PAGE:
6 no-one will ever want to help you There are rarely any positive, supportive self-talk statements to counterbalance these self-defeating comments. e) Reactions. When self-abuse occurs in reaction to a triggering event or problem there will usually be a significant calming of the overwhelming emotional responses. However, the self-abuse is not an adequate response to the trigger itself. The problem has not been addressed constructively and may become even more urgent. Now the troubled person has more than one problem: the damage caused by the self-abuse, the reactions of people and professionals to the selfabuse and the original trigger event or problem. Like a broken record they may get stuck, repeating the cycle, inflicting more and more damage and feeling more and more hopeless and helpless. What can be done to help? During a recent study of people who have been able to stop self-abusing the participants told us what helped them. The following are some common themes which were identified by self-injuring clients: Hope. Self-abusive behaviour is supported by an environment in which people feel worthless, powerless and hopeless. They react to these feelings by lapsing into increasingly self-abusive behaviours and in the process alienate family, friends and professionals. Hope for improvement and for control over their lives is the ingredient identified as most important in reducing and eventually discontinuing self-abuse. Non-judgmental acceptance. People who self-abuse are incredibly sensitive to the feelings of those around them. They are able to pick up on the frustration, anger and rejection of others. They expect this and are looking for it. People who will be able to help are those who are able to understand that selfabuse does not constitute a flaw of character but is a problem-solving device that soothes the painful feelings but makes life more difficult at the same time. Companions on the journey. 6

7 Although it may not always be possible to supply people who self-abuse with the companionship of others who have had, and have defeated, a problem with selfabuse it is essential that they see helpers as companions on a difficult journey and not as authority figures with power to control their lives. It is equally crucial that helpers see themselves in the same way. Understanding the behaviour. Both helpers and clients need to accept the fact that self-abuse is soothing and acts as a coping mechanism for many. It is also a way to maintain some sense of control over painful experiences and problems of living. Learning healthy ways of self-soothing. Since people who self-injure have never learned how to soothe themselves in healthy ways they need to be shown that a variety of strategies can be used effectively. They need to be helped to create a list of such strategies to use when urges to self-abuse come. When first introduced to this concept they will often resist, saying that doesn t work. They need to be encouraged to keep trying, to work through several of their strategies before they give up and self-abuse. Dealing with trigger events. Conscious awareness of the cycle of response to a trigger event gives opportunities: *to discover what triggers the individual *to challenge the cognitive distortions *to identify and deal with the emotional reactions *to formulate a variety of alternative strategies to deal with the trigger event *to choose one of these alternatives and act on it Consistent use of this process will allow the person to feel more positive about their abilities to solve problems. They will feel stronger and more competent. References and Resources 1) Haswell, D.E., Graham, M., Self-inflicted Injuries - Challenging knowledge, skill and compassion :Canadian Family Physician, Vol 42, September 1996, pps ) Haswell, D.E., Graham,M., Self-abuse Finally Ends in Canada - A program to help self-abusers :Medical Scope Monthly, February 1997, pps ) Haswell, D.E., Graham, M., Griffiths, T.J., 100 women who self-abuse : Presented 1995 at The Trillium Research Forum, University of Western Ontario.4) Haswell, D.E., Graham, M., Bartlett, B., Promoting Positive Change - the Clients 7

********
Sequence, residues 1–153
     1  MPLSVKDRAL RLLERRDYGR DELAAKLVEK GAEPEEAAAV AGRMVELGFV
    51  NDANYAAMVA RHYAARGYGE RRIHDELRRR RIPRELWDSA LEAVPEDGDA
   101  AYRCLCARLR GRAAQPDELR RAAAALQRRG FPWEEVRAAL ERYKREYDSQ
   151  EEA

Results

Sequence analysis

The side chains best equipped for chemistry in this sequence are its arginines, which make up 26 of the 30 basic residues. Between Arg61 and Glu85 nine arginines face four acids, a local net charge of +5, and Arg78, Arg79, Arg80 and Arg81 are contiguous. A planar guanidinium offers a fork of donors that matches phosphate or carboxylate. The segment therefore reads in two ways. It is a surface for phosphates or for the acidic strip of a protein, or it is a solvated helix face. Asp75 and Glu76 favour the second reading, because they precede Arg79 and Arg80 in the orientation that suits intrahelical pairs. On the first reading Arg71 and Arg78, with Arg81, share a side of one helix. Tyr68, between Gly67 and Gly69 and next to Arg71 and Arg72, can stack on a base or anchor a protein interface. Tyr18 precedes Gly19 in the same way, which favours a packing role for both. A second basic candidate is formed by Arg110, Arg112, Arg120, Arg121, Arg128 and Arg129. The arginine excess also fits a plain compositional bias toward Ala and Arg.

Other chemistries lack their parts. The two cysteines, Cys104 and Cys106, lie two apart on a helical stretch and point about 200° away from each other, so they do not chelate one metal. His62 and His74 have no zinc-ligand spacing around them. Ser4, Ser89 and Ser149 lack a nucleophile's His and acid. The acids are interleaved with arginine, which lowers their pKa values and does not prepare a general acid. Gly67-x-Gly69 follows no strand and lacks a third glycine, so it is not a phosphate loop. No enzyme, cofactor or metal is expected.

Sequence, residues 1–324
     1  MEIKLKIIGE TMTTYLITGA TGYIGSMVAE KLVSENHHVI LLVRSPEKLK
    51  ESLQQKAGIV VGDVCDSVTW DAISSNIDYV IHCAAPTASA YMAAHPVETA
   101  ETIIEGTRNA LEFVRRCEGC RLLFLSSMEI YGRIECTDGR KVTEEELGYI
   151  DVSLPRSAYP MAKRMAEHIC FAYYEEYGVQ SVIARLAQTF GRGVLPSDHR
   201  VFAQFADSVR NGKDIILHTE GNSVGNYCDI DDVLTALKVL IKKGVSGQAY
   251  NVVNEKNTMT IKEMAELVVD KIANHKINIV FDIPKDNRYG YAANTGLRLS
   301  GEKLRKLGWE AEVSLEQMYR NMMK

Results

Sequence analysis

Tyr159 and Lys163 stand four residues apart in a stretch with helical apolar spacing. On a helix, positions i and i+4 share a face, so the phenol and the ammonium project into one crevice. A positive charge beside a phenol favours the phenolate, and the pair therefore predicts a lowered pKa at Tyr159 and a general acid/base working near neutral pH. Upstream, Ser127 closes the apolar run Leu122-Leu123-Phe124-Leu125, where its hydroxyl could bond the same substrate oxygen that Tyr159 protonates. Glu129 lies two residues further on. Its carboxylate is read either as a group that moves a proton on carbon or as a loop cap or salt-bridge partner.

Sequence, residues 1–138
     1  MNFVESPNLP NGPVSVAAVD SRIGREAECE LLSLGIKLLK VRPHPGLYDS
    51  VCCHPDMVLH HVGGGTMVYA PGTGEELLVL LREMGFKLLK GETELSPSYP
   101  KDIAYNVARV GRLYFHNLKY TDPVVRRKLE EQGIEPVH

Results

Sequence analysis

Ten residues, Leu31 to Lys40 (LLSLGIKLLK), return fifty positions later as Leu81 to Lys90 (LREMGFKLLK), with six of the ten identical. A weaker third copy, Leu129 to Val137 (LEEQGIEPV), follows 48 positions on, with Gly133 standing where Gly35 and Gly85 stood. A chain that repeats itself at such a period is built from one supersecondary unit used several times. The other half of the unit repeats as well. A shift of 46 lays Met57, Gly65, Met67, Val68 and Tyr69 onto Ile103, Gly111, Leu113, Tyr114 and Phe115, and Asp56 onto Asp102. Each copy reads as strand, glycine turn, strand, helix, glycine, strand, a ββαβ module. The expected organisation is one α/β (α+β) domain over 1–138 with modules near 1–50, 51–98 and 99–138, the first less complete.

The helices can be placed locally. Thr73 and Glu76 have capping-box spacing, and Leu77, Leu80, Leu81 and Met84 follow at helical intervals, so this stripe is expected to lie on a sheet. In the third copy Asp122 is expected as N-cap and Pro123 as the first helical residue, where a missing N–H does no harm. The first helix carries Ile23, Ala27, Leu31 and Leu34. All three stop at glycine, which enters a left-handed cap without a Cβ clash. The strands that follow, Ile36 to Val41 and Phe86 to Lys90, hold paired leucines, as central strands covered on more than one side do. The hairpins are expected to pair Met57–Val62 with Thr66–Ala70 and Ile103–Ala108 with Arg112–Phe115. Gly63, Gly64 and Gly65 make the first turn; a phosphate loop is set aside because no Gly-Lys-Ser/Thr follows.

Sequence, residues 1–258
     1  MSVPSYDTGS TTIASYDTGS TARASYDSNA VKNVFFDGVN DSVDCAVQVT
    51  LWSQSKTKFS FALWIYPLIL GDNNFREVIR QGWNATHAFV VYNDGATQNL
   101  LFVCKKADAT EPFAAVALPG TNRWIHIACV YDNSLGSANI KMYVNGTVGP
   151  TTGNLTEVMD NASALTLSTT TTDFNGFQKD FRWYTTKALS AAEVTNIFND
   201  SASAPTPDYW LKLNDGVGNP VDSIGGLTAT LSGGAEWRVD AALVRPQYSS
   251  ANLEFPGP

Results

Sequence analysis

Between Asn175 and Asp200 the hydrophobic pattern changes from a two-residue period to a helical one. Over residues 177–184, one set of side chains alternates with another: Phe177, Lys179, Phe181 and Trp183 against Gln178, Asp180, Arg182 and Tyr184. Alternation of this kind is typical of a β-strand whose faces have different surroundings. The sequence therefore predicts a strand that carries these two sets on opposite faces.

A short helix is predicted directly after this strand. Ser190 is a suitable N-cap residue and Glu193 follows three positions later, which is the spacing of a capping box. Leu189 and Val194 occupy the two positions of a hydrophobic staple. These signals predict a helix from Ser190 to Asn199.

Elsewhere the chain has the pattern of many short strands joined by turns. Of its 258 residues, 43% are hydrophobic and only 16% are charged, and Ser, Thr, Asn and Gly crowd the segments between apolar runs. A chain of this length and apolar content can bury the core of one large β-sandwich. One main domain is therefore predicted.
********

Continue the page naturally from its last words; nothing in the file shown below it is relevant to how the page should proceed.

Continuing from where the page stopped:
8 Perspective : Presented 1996 at The Trillium Research Forum, University of Toronto. 5) Haswell, D.E., Graham, M. S.A.F.E. in Canada - A workbook - Revised version 1998, Published by S.A.F.E. in Canada, available only through the organization. (1999 ) 8